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dc.contributor.authorWhite, Bradley A.en
dc.contributor.authorJarrett, Matthew A.en
dc.contributor.authorOllendick, Thomas H.en
dc.date.accessioned2017-06-12T22:12:36Zen
dc.date.available2017-06-12T22:12:36Zen
dc.date.issued2013-03-01en
dc.identifier.issn0882-2689en
dc.identifier.urihttp://hdl.handle.net/10919/78026en
dc.description.abstractChildhood aggression is often associated with significant psychosocial maladjustment; however, adjustment difficulties may vary based on the function of aggression. The present study used the Behavior Rating Inventory of Executive Function (BRIEF; Gioia, Isquith, Guy, & Kenworthy, 2000) to examine whether difficulties in particular domains of self-regulation serve as common mechanisms in the association between reactive (versus proactive) aggression and internalizing or externalizing adjustment problems in clinic-referred children. Reactive aggression was associated with poorer behavioral regulation and metacognition, whereas proactive aggression was not associated with poorer self-regulation. Further, the association between reactive aggression and adjustment problems, both internalizing and externalizing, was accounted for by poorer behavioral regulation and metacognitive skills. Gender, age, ADHD diagnosis, IQ, and psychotropic medication status did not account for the results. These findings suggest that self-regulation skills influence adjustment problems in reactively aggressive youth and may be important targets of intervention for such children.en
dc.format.extent1 - 9 (9) page(s)en
dc.languageEnglishen
dc.publisherSpringer/Plenum Publishersen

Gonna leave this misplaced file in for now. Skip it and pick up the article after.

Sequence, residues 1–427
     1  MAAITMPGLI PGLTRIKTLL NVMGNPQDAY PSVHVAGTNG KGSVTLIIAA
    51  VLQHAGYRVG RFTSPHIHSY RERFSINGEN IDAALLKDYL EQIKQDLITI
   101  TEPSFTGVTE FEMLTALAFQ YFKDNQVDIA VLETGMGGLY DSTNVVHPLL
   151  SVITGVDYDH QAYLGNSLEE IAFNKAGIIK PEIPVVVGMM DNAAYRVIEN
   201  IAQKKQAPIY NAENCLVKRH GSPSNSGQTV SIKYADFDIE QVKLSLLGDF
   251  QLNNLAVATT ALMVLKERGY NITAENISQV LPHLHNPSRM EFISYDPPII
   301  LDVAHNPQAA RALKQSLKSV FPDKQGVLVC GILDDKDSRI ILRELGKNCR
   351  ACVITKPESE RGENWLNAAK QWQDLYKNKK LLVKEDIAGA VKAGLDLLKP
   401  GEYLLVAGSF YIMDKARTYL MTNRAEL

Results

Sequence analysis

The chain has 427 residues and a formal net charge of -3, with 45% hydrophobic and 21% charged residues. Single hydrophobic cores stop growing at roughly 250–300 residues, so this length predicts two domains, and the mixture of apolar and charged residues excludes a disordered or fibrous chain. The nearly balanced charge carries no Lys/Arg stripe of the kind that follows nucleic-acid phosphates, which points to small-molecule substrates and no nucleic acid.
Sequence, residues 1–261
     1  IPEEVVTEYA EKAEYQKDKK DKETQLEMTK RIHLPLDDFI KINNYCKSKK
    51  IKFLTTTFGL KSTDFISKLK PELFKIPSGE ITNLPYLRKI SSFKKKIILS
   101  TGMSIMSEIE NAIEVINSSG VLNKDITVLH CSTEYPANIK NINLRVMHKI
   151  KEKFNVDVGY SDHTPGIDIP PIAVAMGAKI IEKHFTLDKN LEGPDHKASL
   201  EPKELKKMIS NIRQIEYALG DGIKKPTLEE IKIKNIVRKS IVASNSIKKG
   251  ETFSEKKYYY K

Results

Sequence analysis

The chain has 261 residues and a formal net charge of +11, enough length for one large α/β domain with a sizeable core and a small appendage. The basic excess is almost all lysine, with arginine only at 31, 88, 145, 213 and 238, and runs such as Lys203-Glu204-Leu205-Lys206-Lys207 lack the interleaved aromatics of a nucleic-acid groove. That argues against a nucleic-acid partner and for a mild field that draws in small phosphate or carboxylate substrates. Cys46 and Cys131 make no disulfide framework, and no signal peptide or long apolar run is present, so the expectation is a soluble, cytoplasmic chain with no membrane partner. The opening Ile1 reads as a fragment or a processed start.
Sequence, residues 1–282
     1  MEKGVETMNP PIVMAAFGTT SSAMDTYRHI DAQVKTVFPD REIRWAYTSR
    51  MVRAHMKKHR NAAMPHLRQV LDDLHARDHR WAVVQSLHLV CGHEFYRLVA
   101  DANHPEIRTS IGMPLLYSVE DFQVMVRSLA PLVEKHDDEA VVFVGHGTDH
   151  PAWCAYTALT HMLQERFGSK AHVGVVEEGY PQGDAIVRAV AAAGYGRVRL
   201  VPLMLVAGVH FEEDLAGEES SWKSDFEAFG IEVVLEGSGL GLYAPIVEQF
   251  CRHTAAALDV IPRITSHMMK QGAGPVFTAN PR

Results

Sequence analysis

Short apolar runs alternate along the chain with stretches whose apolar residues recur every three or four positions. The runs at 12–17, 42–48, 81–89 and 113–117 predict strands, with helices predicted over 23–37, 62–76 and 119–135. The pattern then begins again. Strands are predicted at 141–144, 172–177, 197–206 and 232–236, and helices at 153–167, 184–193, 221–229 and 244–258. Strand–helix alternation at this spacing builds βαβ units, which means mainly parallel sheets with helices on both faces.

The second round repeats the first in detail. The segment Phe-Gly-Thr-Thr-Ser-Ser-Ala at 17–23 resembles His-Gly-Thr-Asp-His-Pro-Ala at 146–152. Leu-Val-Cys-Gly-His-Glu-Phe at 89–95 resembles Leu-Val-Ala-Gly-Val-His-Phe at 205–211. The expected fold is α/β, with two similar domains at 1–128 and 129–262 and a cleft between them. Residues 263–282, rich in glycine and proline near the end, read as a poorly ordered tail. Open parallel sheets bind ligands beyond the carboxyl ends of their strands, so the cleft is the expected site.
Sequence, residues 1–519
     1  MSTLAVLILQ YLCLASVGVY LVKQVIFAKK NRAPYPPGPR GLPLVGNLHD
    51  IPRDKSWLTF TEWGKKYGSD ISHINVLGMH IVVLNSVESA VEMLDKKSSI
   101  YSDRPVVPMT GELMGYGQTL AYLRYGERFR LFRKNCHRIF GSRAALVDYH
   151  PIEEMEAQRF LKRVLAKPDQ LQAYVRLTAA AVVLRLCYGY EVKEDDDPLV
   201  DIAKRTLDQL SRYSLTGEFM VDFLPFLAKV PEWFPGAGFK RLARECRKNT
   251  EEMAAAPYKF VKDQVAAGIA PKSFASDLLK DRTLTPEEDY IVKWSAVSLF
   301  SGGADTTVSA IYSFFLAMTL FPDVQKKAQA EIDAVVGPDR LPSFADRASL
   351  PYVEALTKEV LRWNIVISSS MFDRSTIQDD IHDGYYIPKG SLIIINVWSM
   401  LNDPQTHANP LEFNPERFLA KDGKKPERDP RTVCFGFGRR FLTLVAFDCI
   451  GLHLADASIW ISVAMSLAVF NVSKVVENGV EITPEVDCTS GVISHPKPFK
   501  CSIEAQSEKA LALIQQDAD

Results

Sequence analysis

dc.relation.urihttp://gateway.webofknowledge.com/gateway/Gateway.cgi?GWVersion=2&SrcApp=PARTNER_APP&SrcAuth=LinksAMR&KeyUT=WOS:000314776100001&DestLinkType=FullRecord&DestApp=ALL_WOS&UsrCustomerID=930d57c9ac61a043676db62af60056c1en
dc.rightsIn Copyrighten
dc.rights.urihttp://rightsstatements.org/vocab/InC/1.0/en
dc.subjectPsychology, Clinicalen
dc.subjectPsychologyen
dc.subjectSelf-regulationen
dc.subjectAggressionen
dc.subjectExternalizingen
dc.subjectInternalizingen
dc.subjectChildrenen
dc.subjectATTENTION-DEFICIT/HYPERACTIVITY DISORDERen
dc.subjectPROACTIVE AGGRESSIONen
dc.subjectEXECUTIVE FUNCTIONSen
dc.subjectINFORMANT AGREEMENTen
dc.subjectRATING INVENTORYen
dc.subjectWORKING-MEMORYen
dc.subjectPEER STATUSen
dc.subjectADOLESCENTSen
dc.subjectCOMORBIDITYen
dc.subjectCHILDHOODen
dc.titleSelf-Regulation Deficits Explain the Link between Reactive Aggression and Internalizing and Externalizing Behavior Problems in Childrenen
dc.typeArticle - Refereeden
dc.description.versionPublished (Publication status)en
dc.contributor.departmentPsychologyen
dc.title.serialJOURNAL OF PSYCHOPATHOLOGY AND BEHAVIORAL ASSESSMENTen
dc.identifier.doihttps://doi.org/10.1007/s10862-012-9310-9en
dc.identifier.volume35en
dc.identifier.issue1en
dc.identifier.orcidWhite, BA [0000-0002-7477-9956]en
dc.identifier.orcidOllendick, TH [0000-0003-3507-0300]en
pubs.organisational-group/Virginia Techen
pubs.organisational-group/Virginia Tech/All T&R Facultyen
pubs.organisational-group/Virginia Tech/Scienceen
pubs.organisational-group/Virginia Tech/Science/COS T&R Facultyen
pubs.organisational-group/Virginia Tech/Science/Psychologyen
pubs.organisational-group/Virginia Tech/University Distinguished Professorsen
pubs.organisational-group/Virginia Tech/University Research Institutesen
pubs.organisational-group/Virginia Tech/University Research Institutes/Fralin Life Sciencesen
pubs.organisational-group/Virginia Tech/University Research Institutes/Fralin Life Sciences/Fralin Affiliated Facultyen


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